What about the Exodus? Let’s plunge into the Deeper Waters and find out.
(I normally would write on Monday-Friday, but yesterday, I had a really bad stomach bug and was out of action. Writing today instead.)
So we start here with talk about the Exodus and how there’s no evidence of it happening. Of course, we’re not told what kind of evidence a group wandering in the desert for just 40 years building no long-term residences is supposed to leave behind. I’m also not sure what this has to do with being obsessed with blood, but that’s atheists for you.
Baker then talks about how God left His people in slavery for 400 years. Yes. And? God owed getting them out sooner? Perhaps they needed to be a more numerous people so they could retake the land and so they could avoid being overcome by enemies in the wilderness? Objections based on evil always seem to go “I can’t think of a good reason why God would do this, therefore God doesn’t exist.”
He talks about how God apparently couldn’t figure out who was loyal to Him and who wasn’t. He needed to see blood on their doorframes. However, a person from an ancient culture would naturally think that if you really were committed to your deity, you would do that by an action. “Yes. I believe God will judge the wicked and save His people, but I just don’t care to paint my doorframe.”
The next chapter is about sin and he gives the story about meeting a girl he wants to marry and says “Suppose I say you can either marry me or I will throw you into a fire and burn you forever and ever.” So many atheists share this as if this is an accurate picture. It’s more the case of “Suppose you are on death row and I give you a free pardon if you will be loyal to me and serve me? Do you take it?” The objection assumes that people are innocent, when just turning on the nightly news will show that we are not.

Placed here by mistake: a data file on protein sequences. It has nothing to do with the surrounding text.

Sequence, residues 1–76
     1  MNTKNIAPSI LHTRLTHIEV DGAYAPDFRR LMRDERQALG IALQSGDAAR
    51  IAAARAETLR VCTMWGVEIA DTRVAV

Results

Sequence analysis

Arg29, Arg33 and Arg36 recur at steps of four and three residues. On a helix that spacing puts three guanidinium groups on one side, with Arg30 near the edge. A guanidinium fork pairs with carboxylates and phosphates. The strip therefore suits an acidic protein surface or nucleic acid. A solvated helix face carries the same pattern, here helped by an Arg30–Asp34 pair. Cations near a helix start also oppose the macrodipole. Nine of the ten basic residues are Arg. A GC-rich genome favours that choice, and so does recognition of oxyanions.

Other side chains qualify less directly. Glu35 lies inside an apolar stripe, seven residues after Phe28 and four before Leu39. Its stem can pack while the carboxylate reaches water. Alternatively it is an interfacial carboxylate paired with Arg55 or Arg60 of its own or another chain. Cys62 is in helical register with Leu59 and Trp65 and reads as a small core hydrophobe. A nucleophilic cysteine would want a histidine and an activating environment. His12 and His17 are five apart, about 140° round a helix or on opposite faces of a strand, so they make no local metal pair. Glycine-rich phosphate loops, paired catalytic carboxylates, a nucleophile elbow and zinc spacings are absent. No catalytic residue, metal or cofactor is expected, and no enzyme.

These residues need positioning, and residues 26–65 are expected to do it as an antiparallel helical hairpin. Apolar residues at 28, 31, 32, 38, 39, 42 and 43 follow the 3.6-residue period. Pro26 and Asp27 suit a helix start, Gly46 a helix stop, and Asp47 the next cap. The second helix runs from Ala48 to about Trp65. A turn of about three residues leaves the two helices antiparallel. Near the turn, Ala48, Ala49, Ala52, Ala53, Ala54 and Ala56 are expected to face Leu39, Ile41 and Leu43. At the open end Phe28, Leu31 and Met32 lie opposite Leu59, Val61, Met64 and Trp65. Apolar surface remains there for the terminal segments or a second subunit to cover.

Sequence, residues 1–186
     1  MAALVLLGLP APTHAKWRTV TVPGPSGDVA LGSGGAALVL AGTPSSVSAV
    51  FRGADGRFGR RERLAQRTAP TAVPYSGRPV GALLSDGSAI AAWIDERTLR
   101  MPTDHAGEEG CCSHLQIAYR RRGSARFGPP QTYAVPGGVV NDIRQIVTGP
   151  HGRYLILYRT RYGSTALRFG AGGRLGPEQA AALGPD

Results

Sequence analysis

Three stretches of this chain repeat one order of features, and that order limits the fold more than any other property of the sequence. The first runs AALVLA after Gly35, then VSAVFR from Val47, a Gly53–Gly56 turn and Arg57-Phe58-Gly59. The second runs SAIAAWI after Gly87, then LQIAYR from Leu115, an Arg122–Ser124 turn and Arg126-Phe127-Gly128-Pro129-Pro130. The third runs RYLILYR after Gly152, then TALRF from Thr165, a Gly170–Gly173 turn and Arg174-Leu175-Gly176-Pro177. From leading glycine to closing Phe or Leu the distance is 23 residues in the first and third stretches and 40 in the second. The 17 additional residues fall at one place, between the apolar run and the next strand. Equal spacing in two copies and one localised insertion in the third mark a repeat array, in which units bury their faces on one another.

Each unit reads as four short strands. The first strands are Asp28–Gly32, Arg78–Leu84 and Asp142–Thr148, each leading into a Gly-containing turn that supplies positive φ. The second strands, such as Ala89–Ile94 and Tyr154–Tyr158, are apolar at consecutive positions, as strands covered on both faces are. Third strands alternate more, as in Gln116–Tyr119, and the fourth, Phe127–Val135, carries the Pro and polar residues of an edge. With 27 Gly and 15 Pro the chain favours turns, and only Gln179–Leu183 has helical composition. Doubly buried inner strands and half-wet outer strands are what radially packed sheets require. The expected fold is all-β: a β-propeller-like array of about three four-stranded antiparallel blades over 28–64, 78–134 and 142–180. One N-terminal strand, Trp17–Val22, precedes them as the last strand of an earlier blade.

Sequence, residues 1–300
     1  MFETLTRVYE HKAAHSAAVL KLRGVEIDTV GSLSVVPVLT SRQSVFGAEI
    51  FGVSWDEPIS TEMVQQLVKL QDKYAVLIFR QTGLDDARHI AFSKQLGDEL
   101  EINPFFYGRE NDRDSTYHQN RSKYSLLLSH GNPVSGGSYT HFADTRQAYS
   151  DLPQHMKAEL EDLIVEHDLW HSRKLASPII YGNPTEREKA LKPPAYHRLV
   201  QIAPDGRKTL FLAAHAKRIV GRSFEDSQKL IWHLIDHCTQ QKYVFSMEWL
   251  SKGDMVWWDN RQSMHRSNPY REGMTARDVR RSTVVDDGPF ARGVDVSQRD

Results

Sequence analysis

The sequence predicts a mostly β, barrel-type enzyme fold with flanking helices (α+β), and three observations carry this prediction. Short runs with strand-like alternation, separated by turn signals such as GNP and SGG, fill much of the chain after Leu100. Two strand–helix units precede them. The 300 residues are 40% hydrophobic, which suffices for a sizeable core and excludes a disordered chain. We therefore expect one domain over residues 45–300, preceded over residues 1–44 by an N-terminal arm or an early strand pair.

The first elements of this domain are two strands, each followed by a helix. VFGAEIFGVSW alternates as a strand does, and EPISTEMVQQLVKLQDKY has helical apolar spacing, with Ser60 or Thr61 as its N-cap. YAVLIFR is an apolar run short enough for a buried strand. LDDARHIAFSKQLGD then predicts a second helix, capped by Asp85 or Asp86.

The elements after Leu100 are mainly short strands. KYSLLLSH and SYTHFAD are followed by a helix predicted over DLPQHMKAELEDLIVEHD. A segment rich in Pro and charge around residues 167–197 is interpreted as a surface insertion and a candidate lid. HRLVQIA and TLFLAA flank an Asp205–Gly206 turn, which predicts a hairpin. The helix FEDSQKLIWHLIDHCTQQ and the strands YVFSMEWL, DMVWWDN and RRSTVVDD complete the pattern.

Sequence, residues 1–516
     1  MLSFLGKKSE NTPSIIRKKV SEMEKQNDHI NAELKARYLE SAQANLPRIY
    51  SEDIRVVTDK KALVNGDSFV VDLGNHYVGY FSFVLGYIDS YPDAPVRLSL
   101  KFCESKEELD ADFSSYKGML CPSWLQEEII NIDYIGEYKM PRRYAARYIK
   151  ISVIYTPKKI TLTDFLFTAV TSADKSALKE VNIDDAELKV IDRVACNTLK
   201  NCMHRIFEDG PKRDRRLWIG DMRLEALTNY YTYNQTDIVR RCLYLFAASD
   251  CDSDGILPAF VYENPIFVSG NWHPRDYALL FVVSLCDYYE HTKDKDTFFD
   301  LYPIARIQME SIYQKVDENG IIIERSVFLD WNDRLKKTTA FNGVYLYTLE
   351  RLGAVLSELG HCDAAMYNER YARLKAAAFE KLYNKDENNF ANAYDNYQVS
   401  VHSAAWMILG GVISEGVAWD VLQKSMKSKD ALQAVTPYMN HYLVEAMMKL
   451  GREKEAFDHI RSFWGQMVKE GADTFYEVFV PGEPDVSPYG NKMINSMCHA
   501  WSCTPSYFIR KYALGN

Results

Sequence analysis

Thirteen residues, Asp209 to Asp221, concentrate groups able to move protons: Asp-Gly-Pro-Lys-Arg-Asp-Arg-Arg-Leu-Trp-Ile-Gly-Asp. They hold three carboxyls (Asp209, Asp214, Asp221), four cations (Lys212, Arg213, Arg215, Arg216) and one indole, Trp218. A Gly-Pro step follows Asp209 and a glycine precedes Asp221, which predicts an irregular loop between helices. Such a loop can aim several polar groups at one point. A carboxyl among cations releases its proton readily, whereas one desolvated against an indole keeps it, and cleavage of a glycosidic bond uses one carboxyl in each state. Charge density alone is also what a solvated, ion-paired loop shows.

He then says the Bible takes this further saying that all those who have never heard the good news by default are condemned to Hell.
Strange. There’s no citation for that. Well, maybe it’s not that strange. I have my own thoughts on that here.
He also tells us that Noah had a menage a trois with his daughters. He says it’s funny how God didn’t figure this would happen. What’s even more funny is I don’t remember that happening at all in the story. There’s not even mention I know of of Noah having daughters.
Now you could say he is talking about Lot and his daughters, but that’s part of the problem. If I can’t trust Baker to do his research on something that is so basic and simple as this, why should I trust him with other stuff that I can’t check? Also, the story is recorded. There’s no indication God did not know it would happen, and it is an indication of how depraved Lot’s daughters had become in Sodom.
The next chapter is long, so we’ll save that for another time.
(And I affirm the virgin birth)